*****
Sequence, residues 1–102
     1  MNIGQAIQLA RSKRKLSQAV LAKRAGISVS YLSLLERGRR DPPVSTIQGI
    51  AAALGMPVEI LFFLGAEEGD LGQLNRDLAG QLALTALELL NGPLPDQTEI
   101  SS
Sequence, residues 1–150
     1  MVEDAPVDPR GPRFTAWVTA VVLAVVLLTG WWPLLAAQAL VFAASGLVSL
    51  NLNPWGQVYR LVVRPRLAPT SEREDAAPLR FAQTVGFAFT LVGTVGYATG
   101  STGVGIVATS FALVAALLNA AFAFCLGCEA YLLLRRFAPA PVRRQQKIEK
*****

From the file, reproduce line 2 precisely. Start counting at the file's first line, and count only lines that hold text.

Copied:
     1  MNIGQAIQLA RSKRKLSQAV LAKRAGISVS YLSLLERGRR DPPVSTIQGI